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you be that smart, that brave? >> i think it's impossible outside of divine intervention. she has wisdom beyond her years. >> how are the mom and dad doing? >> i think as well as you can expect them to do. >> they must be relieved to have their child but -- >> the mom told me that she was suffering from what she called survivor's guilt because so many of their friends no longer have their children but she has hers. >> a long road ahead. an incredible story of survival and all by a 6-year-old girl. dan? >> and her family with survivor's guilt, no doubt dealing with that for awhile. thank you for that. a few moments ago i spoke with bill hart, a spokesperson for the newtown, connecticut board of education. here's what he had to say. >> the plan is to re-open the schools on tuesday. why is it so important to get
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things moving again. >> well, all the mental health experts we talked to and the state has done a wonderful job of bringing in some help tell us it's the best thing to do to get back to normal operations as soon as possible. best for the children and for the staff and for the complupts. >> what do you do with the students who are enrolled at this elementary school? >> well, this school here, we're clearly not going to be in this building any time in the foreseeable future but close to a plan to move the community to -- the school community to another location. those details will probably come out today. i'm not really prepared to really say but we know it'll work. >> do you think you can ever re-open this school and what would you say to parents who say i never want to send my child -- >> i would probably feel very much the same way. my three daughters went to this school and we have many memories there. i think trying to understand what we're going to do with that is a long process and, you know, we're not anywhere prepared to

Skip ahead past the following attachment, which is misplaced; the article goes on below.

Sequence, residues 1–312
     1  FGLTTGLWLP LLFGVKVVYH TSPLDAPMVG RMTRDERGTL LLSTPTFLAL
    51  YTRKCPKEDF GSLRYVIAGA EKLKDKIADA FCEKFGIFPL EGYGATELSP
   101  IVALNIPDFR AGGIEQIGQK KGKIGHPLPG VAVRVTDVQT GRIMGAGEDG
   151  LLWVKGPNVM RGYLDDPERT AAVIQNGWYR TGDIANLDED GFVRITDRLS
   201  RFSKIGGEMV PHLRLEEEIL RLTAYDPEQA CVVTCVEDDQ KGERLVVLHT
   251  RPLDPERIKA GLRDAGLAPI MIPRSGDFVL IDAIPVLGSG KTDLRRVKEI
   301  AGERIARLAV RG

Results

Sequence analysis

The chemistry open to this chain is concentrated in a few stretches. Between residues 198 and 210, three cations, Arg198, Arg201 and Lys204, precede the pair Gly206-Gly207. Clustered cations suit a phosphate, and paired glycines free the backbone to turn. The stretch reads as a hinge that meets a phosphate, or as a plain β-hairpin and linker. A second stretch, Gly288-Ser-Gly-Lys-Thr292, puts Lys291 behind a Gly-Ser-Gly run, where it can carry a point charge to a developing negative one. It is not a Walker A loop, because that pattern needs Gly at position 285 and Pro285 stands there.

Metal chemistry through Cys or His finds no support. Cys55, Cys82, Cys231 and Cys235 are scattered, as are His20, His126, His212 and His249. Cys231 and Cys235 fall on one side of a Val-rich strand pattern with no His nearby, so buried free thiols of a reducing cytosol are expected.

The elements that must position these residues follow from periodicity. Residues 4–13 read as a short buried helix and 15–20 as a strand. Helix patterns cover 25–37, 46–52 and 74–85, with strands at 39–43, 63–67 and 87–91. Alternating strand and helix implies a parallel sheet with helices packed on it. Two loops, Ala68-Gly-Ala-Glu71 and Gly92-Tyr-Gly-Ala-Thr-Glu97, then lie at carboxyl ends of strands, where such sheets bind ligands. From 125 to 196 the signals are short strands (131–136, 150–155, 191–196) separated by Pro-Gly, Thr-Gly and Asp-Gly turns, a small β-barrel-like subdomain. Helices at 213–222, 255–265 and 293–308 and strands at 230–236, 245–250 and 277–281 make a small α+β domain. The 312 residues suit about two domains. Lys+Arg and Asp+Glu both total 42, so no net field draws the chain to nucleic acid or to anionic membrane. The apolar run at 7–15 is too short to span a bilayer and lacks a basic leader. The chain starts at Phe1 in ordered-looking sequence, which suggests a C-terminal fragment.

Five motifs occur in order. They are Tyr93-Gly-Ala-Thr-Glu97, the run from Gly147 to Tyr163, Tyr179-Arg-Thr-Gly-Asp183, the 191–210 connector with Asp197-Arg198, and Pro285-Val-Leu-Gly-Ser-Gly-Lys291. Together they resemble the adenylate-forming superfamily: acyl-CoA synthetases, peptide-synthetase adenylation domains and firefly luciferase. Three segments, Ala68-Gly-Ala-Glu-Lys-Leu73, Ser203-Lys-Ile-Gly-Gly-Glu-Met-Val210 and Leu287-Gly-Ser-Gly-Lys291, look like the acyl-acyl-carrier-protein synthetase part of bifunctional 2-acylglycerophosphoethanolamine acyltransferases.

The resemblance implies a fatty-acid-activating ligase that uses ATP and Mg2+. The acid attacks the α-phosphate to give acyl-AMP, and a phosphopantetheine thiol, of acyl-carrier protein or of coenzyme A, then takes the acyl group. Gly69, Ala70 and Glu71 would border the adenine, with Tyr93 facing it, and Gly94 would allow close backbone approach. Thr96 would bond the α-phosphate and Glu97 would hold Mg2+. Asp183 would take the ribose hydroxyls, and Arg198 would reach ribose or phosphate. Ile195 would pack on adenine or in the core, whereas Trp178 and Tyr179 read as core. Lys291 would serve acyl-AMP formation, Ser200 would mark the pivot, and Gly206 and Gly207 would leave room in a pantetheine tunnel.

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make those decisions now. >> you talked about the importance of re-establishing routine but it's going to be hard to do in this atmosphere. what kind of special allowances will you take for the staff and students who are really hurting as you try to reestablish -- >> we brought in mental health professionals from all over the state and have special training for people and know some of the teachers might not be prepared to come back and be prepared with substitutes and counseling for all the people. we've prepared to do whatever we have to do to help all of our community. >> we keep hearing these stories of the valor displayed by the principal at this elementary school and also some of the teachers. what are your thoughts on that. >> well, i think we had -- that's really the big story here. there's some incredible heroes and i think what they did moving to move all the children to safe locations and going through our lockdown location saved countless more lives. those teachers, the taff that